With the launch of the GAIA mission some years ago, a new precedent was set in mankind's ability to map our universe. However, how accurate are the distances created by this? From ESA's website, I found:
In the final Gaia catalogue, expected in the early 2020s, brighter objects (3-13 magnitude) will have positions measured to a precision of 5 microarcseconds, parallaxes to 6.7 microarcseconds, and proper motions to 3.5 microarcseconds per year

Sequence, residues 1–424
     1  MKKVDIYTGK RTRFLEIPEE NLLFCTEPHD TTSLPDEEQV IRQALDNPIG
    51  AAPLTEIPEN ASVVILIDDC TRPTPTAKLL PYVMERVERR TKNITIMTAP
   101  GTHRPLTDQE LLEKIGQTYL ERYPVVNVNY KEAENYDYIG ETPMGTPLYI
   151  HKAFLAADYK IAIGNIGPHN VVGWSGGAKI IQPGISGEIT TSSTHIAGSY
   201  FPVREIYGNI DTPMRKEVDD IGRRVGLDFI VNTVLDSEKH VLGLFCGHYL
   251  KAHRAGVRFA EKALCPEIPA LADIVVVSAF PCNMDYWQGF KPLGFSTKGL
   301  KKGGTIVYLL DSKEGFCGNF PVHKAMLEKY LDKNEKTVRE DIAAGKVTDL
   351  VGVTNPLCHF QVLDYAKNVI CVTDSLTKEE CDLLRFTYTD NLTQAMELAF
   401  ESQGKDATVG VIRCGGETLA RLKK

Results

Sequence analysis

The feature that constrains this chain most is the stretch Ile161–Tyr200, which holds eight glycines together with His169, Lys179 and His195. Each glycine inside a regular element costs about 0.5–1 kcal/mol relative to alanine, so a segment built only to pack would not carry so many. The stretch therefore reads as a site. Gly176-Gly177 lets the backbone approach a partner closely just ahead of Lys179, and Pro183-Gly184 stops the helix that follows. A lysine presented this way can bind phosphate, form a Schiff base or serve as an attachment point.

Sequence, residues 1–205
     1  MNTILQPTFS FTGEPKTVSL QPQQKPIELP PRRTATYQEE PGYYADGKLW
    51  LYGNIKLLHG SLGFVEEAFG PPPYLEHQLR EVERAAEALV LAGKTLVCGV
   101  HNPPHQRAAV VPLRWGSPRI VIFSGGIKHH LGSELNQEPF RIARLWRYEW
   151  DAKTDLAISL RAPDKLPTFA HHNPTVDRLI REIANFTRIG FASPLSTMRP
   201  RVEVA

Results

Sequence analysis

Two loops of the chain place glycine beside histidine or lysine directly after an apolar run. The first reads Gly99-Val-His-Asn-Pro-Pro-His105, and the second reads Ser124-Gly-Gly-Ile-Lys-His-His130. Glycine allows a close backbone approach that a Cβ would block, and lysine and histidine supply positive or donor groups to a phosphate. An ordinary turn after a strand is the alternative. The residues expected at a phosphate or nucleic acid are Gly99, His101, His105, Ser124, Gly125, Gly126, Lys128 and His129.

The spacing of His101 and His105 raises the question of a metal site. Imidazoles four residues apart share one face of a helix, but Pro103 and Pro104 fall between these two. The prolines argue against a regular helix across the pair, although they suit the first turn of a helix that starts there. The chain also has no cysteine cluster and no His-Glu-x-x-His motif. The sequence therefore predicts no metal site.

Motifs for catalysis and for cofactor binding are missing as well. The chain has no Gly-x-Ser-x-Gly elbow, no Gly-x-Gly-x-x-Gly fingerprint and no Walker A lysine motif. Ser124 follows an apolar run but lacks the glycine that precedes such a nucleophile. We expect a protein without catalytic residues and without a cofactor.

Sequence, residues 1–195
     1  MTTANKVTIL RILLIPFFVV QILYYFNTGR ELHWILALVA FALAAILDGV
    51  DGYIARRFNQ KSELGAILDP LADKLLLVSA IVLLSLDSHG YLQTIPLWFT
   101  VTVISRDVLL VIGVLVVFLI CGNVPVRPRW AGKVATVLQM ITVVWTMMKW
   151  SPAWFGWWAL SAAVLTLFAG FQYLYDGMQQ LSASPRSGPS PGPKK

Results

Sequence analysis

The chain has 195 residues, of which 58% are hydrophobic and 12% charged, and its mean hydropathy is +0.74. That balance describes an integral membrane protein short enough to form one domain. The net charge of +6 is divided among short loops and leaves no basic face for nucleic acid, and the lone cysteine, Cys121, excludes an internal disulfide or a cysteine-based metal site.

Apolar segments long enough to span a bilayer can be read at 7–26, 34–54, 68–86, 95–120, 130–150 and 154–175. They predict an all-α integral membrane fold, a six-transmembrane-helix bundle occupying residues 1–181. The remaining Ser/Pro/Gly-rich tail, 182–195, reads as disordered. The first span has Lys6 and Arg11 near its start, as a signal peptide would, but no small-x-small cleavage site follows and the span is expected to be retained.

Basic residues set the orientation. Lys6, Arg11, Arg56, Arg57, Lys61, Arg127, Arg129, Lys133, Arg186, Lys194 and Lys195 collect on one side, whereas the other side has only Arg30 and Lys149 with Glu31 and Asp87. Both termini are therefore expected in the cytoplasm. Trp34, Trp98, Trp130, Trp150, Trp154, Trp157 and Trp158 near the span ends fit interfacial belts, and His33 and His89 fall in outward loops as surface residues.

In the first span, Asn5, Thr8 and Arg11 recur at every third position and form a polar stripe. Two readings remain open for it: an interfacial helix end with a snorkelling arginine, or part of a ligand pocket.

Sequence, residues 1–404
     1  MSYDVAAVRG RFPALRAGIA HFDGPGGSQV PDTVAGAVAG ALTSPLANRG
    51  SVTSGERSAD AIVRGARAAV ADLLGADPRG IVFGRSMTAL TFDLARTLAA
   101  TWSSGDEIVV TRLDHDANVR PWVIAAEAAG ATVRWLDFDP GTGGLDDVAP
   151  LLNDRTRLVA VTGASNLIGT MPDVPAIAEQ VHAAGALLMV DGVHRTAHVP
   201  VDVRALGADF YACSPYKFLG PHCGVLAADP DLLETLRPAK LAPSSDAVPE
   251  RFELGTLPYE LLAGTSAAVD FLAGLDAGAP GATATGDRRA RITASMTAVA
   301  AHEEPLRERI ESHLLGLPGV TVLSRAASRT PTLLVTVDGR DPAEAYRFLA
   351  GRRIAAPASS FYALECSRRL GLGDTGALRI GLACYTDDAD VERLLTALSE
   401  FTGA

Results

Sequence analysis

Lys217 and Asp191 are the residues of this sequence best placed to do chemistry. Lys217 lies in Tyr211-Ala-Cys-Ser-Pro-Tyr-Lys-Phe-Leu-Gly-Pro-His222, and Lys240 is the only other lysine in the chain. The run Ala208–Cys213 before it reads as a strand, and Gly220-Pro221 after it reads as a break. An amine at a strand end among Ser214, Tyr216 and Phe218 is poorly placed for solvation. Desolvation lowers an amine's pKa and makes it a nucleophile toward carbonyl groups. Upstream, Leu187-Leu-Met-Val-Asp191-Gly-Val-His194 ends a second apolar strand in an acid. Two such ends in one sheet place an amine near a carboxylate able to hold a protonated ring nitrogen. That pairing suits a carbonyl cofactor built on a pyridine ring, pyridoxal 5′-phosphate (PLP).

If we take the value 6.7, and put that into the equation: d=1/p, we get d=1/0.0000067=150,000 parsecs. This is immensely accurate given that most sources tell me that the most accurate is around 1000 parsecs (accurate to 0.001 arcseconds). Are my calculations correct, or did I use a wrong value somewhere?